LONDON - U.S. President-elect Barack Obama proclaimed himself "very impressed" with the Arab League's peace plan when he discussed it with President Shimon Peres during a brief visit to Israel four months ago, Peres said Tuesday.

Peres, who had just arrived in London for an official visit, made the comment in interviews to be published in the British media. He was responding to questions about whether he thought Obama would advance the Middle East peace process in general and the Arab League's plan in particular.

But he denied a Sunday Times report earlier this week which claimed that Obama had said Israel would be "crazy" to reject the Arab initiative.

On Monday, former American envoy to the Middle East Dennis Ross, who has been advising Obama on the subject, also denied reports that Obama had said while visiting Israel in July that he supported the Arab initiative and would base his own diplomatic policy on it.

The plan, originally proposed by King Abdullah of Saudi Arabia in 2002 and later adopted by the Arab League, states that Israel would receive full relations with the entire Arab world in exchange for a full withdrawal from all the territory it captured in 1967, including East Jerusalem, plus a solution to the refugee problem. The Bush Administration has said it views the plan positively, but its own road map peace plan and the understandings reached at last year's Annapolis summit have served as the basis of its diplomatic program.

Peres said the Arab initiative was "not perfect," mainly because it fails to address Jewish rights. Nevertheless, he said, it is worth negotiating, alongside the bilateral talks with the Palestinian Authority.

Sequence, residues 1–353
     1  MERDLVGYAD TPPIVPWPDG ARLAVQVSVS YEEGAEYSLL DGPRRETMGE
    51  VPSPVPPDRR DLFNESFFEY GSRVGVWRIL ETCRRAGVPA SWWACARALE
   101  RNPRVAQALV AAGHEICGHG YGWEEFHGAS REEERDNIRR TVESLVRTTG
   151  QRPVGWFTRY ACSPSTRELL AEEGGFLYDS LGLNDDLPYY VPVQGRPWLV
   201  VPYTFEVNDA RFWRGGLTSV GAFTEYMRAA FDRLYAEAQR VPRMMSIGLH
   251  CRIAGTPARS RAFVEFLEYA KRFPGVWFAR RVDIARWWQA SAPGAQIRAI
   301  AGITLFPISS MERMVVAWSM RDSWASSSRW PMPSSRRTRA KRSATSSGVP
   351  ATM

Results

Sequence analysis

The plan's big plus, he explained, is that it represents "a sea change" from the famous "three noes" - no peace with Israel, no recognition and no negotiations - of the Khartoum summit in 1967. In addition, he argued, it enables Israel to obtain peace with all the Arab states for the price of an agreement with the Palestinians.

Peres, who said the Arab plan was becoming "serious," added that he did not think the United States would need to pressure Israel to advance the peace process, since Washington and Jerusalem "see eye to eye" on how to solve the conflict with the Palestinians.

Addressing the issue again during a visit to London's old City Hall, where he received an honorary doctorate from University College London, Peres claimed that agreement had already been reached with the Palestinians on most issues, and all that remained was to reach a deal on territorial exchanges comprising 4 to 5 percent of the West Bank.

However, he added, Israel must be given guarantees because "in Gaza we failed. We took down 30 settlements by force, and there is not one Israeli citizen or soldier there anymore. But instead of settlements, they've built launching sites for missiles. And I have to give an answer to Israelis who are asking: 'How can we be sure that it won't happen if we leave more settlements?'"

Discussing negotiations with Syria, Peres noted that both Egypt and Jordan got back all the territory they lost in the Six-Day War by signing peace agreements with Israel, and that "if Syria changes its ways and goes in the direction of Egypt, it knows what it will receive."

On another issue, Peres lashed out at repeated attempts by British university lecturers to impose an academic boycott on Israel, terming it "hypocritical."

"Will the academics defend us? Will they defend our children?" he demanded. "Will they defend Sderot, which is being hit by missiles every day?"

Tuesday night, Peres gave a talk on peace and globalization at Oxford University, where he noted that Zionism arose in response to anti-Semitism and racism, but Obama's election might herald the end of racism. He was periodically interrupted by pro-Palestinian hecklers.

On Wednesday, Peres will address both houses of Parliament, and on Thursday, he will meet with Queen Elizabeth II and Prime Minister Gordon Brown.